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A drawback with chemical solvents is the heat energy required for desorption. This heat energy has two main components:
- The heat of the acid-base reaction (roughly 70 kJ /mol for MEA, Mono-Ethanol-Amine)
- The heat required for the temperature swing, between absorption in the scrubber and desorption in the stripper.
Additional energy requirements come from:
- Heat loss from vapourisation of a fraction of the solvent.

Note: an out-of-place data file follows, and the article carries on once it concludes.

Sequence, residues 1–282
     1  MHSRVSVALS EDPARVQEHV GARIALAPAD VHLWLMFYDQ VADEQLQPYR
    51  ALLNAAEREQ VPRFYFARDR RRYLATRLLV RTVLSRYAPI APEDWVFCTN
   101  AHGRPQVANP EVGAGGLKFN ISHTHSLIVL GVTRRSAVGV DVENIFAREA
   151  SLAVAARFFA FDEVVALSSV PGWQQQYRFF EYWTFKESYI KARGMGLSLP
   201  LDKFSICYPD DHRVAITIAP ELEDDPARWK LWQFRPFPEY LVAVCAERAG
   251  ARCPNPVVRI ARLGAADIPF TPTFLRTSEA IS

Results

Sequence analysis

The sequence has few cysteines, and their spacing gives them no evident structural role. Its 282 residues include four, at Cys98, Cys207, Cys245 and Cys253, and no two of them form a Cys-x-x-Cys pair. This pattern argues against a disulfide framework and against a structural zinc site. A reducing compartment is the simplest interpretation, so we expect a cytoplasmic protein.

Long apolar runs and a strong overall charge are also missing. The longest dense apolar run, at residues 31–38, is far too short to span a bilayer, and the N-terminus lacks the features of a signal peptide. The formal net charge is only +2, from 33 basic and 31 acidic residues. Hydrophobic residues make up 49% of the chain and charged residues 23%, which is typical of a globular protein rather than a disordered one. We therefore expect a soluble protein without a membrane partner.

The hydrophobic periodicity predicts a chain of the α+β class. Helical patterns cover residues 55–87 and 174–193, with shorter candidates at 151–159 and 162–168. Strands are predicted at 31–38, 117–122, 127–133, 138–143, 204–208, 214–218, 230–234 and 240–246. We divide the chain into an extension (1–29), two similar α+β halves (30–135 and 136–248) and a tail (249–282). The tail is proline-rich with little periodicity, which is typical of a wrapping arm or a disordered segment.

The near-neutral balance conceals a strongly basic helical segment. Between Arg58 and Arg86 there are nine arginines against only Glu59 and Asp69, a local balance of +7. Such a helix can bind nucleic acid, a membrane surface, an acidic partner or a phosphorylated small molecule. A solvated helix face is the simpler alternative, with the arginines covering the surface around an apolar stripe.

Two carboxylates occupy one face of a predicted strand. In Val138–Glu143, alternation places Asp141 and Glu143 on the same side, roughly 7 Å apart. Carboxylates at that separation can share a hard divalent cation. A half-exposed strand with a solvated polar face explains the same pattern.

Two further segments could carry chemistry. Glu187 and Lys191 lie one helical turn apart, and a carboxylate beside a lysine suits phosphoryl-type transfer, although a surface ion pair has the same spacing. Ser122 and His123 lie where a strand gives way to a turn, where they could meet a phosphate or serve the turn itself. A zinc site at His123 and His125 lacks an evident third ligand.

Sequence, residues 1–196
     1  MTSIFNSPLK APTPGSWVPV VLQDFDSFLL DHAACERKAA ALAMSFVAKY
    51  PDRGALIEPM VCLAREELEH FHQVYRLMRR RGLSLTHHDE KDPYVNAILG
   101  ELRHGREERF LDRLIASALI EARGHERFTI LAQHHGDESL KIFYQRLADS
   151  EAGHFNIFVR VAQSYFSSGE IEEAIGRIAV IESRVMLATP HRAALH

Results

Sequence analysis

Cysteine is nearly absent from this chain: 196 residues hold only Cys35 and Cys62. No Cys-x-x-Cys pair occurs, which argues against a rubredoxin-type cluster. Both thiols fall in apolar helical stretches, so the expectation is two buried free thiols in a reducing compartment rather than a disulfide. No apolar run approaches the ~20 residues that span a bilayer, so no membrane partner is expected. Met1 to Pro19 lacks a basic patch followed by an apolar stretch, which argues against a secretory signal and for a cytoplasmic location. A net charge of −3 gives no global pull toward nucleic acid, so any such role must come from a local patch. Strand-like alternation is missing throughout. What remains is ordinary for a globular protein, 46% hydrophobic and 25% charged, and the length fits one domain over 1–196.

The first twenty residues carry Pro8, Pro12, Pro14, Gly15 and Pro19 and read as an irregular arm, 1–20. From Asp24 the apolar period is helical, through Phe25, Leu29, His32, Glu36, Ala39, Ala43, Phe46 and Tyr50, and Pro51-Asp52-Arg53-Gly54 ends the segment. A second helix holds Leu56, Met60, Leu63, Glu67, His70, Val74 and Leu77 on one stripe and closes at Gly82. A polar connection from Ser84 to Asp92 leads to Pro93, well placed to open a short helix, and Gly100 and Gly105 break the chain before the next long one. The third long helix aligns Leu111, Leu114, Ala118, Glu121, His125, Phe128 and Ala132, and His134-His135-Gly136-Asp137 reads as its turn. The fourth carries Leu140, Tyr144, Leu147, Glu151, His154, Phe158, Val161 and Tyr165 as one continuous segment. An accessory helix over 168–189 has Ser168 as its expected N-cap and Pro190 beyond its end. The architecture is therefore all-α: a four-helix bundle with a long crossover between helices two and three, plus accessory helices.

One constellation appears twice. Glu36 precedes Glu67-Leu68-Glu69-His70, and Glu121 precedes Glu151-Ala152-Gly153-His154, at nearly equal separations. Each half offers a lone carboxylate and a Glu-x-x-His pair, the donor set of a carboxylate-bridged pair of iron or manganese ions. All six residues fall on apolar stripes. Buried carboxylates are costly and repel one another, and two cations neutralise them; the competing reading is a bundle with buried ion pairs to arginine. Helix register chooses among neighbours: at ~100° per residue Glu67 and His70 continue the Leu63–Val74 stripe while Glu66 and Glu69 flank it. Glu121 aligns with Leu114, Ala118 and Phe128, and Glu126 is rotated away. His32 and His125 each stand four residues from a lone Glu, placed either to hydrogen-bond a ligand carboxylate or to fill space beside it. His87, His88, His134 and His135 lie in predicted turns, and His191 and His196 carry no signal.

- When steam, as the heat source, is entrained with the CO2 in the stripper, the water must be condensed.
Types of chemical solvent include:
- Amine solvents - this is the most common solvent used in existing and planned carbon capture facilities.
- Carbonate solvents - carbonates of potassium or ammonia form react to form solid bicarbonates, turning the solvent stream into a slurry.
- Aqueous ammonia solvent - similar in principle to amine solvent processes, but operating at lower temperatures. [VERIFY]
This content expresses the point of view of individuals in the CCS community and not necessarily the views of their organisation or the Global CCS Institute.